Young people in Iran are fighting back against the country's feared morality police like never before, after a young woman died after being taken into custody for not wearing her hijab properly. At least seven people have died in the protests, and hundreds were injured and arrested during the clashes with the riot police over the past few days.
The protests present a real headache for the country’s hardline leadership, as young people show they will not tolerate the repressions that many of their parents have taken for granted.
Young people in cities and towns across Iran have taken to the streets over the last few days, with young women gathering to make a bonfire of their scarves, cutting their hair off in front of crowds of people, and dancing through the streets.
Women are obliged by law to cover their heads, and have been since shortly after the Islamic Revolution in 1979.
The protests are in response to the death of Mahsa Amini, a 22-year-old woman who died in Tehran after being picked up by the morality police patrol, commonly known as “Ershad” or public guidance patrol. Police said she died after having had a heart attack during a “re-education” session in police custody, but pictures of her in hospital appeared to support her family’s claims that she suffered a head injury. She was last seen by her brother last Tuesday, while being rounded up with other women and forced into a police van.
The Ershad unit within the police cracks down on women deemed immodestly dressed by officers roaming in vans. Hardline President Ibrahim Raisi has cracked down on “un-Islamic” behaviour and his rule has seen an increase in checkpoints by the Ershad. They hand down punishments ranging from a short period of detention to prison and flogging for repeat offenders.
Iran has seen a number of demonstrations in recent years, mainly triggered by economic hardship, but the latest wave of protests is aimed solely at police brutality against women. The scale of these protests is unprecedented and shows the level of mass discontent among the Iranian youth, which normally circumvents authorities and strict Islamic rules in the country. These protests present a challenge to the future of the regime.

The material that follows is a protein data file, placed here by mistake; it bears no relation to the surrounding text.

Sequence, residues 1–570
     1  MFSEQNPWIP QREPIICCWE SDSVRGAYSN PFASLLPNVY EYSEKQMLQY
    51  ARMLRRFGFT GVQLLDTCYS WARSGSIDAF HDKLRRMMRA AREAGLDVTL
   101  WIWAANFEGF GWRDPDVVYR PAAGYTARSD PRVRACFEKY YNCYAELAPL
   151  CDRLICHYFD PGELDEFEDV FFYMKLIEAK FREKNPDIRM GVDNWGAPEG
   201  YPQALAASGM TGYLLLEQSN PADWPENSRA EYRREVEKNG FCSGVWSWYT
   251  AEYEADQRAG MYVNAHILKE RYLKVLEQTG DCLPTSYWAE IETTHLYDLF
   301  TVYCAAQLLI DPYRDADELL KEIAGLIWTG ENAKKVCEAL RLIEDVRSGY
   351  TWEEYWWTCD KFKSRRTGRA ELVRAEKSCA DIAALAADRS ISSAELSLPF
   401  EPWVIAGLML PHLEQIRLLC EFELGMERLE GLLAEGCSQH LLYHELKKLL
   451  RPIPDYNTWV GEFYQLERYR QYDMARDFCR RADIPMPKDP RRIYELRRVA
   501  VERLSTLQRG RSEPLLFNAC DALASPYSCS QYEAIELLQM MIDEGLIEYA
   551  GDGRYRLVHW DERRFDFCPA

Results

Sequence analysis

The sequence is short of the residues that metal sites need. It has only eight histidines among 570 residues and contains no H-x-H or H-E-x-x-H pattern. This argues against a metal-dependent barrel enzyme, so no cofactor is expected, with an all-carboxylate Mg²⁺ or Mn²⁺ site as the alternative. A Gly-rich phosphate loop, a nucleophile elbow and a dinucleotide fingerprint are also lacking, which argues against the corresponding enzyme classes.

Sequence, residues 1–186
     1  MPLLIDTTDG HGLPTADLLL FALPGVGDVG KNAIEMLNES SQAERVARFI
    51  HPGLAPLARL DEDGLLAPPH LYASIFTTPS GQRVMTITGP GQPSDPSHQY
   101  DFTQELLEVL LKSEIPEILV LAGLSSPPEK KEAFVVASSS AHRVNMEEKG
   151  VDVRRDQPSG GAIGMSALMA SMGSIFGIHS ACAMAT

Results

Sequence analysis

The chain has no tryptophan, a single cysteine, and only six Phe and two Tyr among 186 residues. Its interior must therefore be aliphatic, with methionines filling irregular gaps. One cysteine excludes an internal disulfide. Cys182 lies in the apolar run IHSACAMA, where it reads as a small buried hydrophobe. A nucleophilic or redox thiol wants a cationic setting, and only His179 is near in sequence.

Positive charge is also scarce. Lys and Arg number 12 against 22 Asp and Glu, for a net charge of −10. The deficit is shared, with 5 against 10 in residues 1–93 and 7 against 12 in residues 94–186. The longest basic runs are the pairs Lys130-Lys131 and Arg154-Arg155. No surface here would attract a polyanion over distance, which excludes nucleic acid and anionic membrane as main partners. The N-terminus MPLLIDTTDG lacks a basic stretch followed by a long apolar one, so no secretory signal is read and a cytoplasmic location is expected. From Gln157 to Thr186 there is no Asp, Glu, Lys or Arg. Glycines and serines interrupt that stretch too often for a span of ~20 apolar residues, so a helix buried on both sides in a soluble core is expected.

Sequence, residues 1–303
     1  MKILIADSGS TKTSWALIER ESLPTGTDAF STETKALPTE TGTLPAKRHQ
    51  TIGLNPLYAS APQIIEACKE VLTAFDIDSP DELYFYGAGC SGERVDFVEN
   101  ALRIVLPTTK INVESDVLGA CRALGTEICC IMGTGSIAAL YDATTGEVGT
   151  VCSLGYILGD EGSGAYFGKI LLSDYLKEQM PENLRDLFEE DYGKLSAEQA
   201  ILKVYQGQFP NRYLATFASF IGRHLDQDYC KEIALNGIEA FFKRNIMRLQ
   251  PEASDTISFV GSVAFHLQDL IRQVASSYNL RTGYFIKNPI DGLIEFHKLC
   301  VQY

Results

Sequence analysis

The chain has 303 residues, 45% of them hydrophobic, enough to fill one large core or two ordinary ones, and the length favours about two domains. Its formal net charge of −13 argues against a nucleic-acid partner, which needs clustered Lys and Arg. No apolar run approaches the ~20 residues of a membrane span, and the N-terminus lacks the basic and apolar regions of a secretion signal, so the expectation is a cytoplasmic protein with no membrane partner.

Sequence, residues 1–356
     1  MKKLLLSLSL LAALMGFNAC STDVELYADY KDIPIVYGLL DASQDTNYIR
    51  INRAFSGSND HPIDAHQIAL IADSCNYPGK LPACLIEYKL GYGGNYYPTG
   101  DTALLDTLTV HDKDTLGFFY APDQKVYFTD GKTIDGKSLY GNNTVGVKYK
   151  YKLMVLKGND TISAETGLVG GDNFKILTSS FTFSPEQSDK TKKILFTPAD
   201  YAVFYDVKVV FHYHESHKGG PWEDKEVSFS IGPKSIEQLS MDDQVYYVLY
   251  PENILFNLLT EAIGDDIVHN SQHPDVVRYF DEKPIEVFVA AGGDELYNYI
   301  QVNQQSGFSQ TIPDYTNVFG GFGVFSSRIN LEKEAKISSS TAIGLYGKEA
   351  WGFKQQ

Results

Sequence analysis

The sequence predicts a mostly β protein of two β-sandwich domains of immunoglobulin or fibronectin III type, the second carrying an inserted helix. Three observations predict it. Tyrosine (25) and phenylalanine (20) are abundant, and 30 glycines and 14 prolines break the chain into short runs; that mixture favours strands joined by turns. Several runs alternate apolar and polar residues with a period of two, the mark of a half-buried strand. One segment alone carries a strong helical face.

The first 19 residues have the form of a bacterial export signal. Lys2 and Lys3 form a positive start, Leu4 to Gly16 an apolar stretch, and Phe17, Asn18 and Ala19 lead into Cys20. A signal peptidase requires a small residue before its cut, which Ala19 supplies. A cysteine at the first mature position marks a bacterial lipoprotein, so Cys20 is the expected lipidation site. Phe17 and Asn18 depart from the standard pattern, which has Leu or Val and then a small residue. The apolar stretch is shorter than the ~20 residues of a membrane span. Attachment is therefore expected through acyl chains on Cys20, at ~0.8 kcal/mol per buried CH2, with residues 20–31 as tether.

Commentators say the protests expose how dangerously out of touch the elites are with the country’s youth. Exiled Iranian journalist Reza Haghighatnejad tweeted that supreme leader Ayatollah Ali Khamenei’s silence on the issue shows that “he has not woken up yet.” He wrote: “Sleep, old man, the people are awake.”
In Iran, the government controls everything from media to rights organisations. Security forces are notorious for their brutality against anyone taking to the streets, which makes it all but impossible for any protest movement or genuine opposition group to exist.
Raisi reportedly spoke with Amini’s family and ordered an inquiry into the young woman’s death, but so far, senior figures in the Iranian regime have kept quiet.
Raisi, speaking at the annual UN General Assembly in New York on Wednesday, accused the western countries of a “double standard” regarding human rights and said that Canada had killed “dozens of innocent women” in reference to indigenous people.
Joe Biden, the US President, referred to Amini’s death after Raisi’s speech, and said: “Today we stand with the brave citizens and the brave women of Iran, who right now are anti-government protests to secure their basic rights.”